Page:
Search This Blog

Sunday, November 26, 2023

The wreck of L'Uranie


This is a rather long post.  But 22-year-old Rose de Freycinet is one of my favorite heroines of the sea.

Gentle young Rose was not even supposed to be there.  Back on September 17, 1817, she had dressed up in a suit of blue frockcoat and trousers, and just after midnight she had sneaked on board the corvette Uranie. This was not because she was naturally daring, or a cross-dresser, but because she wanted to accompany her beloved husband, Captain Louis-Claude de Freycinet, on a discovery expedition to the Pacific.

Rose remained hidden in the captain’s cabin until the vessel was well away from the French coast.  Then her husband made her presence public by inviting the officers, chaplain, and the expedition artist to a tea party where Rose, still in male attire, presided.  According to her, it was a happy occasion.  “I received them with a great deal of pleasure and I had a good laugh listening to the various hypotheses which each one had formulated about my identity.”  And the officers did not seem to mind, either, agreeing one and all that the dainty little lady with the charming manners and very agreeable appearance was a fit companion for her aristocratic husband—though some people said that during mess dinners the conversation about the dining table was more sharp-edged with brilliant wit than it might have been without a woman to impress. 

When the news broke in France, reactions varied wildly.  On October 4, the editor of the Monitor Universel declared, “this example of conjugal devotion deserves to be made public.”  Reportedly, Louis XVIII was amused.  The Lieutenant-Governor of Gibraltar, the first official to receive visitors from L’Uranie, was not, and neither was the French Ministry of the Navy.  Women were not supposed to travel in ships of the State, and yet Madame was there—in male clothing!  It was unsupportable.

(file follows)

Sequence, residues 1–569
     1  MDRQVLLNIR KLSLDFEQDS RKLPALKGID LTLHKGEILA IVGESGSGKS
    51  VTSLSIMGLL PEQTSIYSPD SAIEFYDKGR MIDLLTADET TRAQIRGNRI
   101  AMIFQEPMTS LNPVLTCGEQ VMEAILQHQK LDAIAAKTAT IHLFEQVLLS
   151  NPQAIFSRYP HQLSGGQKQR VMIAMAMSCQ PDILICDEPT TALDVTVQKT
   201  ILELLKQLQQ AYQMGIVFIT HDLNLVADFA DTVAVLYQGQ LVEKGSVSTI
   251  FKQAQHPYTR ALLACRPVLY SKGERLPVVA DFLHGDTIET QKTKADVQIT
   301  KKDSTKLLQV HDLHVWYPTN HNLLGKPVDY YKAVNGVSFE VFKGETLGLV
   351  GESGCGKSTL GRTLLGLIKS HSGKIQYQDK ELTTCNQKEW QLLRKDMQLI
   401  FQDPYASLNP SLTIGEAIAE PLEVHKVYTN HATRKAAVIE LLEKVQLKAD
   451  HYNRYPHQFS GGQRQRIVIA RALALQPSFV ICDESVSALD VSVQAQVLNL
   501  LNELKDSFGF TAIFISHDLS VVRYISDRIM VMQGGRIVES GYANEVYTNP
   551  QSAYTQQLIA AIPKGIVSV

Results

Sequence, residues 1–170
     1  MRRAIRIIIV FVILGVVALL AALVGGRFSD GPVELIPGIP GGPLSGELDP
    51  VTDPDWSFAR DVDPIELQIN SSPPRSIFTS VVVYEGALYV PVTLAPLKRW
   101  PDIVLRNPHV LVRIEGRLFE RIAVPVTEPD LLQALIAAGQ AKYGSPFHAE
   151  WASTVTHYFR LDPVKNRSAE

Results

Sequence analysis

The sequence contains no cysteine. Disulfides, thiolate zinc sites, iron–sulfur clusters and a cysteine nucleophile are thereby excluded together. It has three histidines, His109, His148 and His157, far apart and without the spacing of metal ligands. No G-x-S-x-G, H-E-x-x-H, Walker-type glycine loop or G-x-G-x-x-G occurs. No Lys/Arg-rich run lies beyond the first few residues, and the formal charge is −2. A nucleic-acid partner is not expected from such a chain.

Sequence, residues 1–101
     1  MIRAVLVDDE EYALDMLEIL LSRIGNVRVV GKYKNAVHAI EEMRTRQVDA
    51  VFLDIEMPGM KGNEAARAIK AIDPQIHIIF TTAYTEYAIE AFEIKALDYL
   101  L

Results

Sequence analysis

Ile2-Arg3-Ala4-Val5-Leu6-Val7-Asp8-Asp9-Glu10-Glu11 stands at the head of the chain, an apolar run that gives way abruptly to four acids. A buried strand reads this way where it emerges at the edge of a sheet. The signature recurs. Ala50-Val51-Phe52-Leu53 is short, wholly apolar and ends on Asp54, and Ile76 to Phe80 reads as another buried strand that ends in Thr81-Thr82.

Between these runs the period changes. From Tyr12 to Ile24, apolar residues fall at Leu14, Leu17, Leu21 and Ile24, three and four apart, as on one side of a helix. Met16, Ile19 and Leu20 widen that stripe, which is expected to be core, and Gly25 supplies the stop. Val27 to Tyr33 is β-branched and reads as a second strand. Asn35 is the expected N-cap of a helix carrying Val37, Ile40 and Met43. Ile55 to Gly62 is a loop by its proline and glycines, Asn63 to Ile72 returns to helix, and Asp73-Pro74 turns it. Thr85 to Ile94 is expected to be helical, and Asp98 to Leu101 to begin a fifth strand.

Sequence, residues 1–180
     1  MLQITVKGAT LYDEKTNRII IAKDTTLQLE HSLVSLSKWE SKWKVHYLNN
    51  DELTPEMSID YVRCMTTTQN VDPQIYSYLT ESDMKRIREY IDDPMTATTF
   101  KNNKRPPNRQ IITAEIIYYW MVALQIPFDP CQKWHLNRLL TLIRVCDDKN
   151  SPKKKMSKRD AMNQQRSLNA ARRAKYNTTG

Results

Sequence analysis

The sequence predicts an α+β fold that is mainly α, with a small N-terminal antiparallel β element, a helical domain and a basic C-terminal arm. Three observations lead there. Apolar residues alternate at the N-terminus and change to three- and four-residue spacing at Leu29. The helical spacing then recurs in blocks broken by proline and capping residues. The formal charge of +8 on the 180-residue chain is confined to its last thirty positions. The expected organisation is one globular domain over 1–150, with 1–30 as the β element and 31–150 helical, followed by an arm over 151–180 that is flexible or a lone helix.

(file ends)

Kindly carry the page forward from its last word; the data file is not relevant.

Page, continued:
One result of this was that every now and then the artists of the expedition painted the same scene twice, one work being true to life, and the other sans Madame.  This subterfuge was necessary for the official record, Voyage autour du Monde … exécuté sur les corvettes de S. M. L’Uranie et La Physicienne, which was prepared by de Freycinet and published between 1827 and 1839.  Madame herself was embarrassed that her presence was against the rules.  She was not comfortable in men’s clothing.  The only time she was glad of it was when the corvette was pursued by an Algerian corsair.  The prospect of being enslaved was bad enough, but “the thought of a seraglio evoked even more unpleasant images in my mind, and I hoped to escape that fate thanks to my male disguise.”  Luckily, the corsair veered off after counting the corvette’s cannon, and the possibility of the disguise being penetrated was averted.  Then, after a disastrous meeting with the scandalized Governor of Gibraltar, it was decided that she should abandon male dress altogether, much to her relief.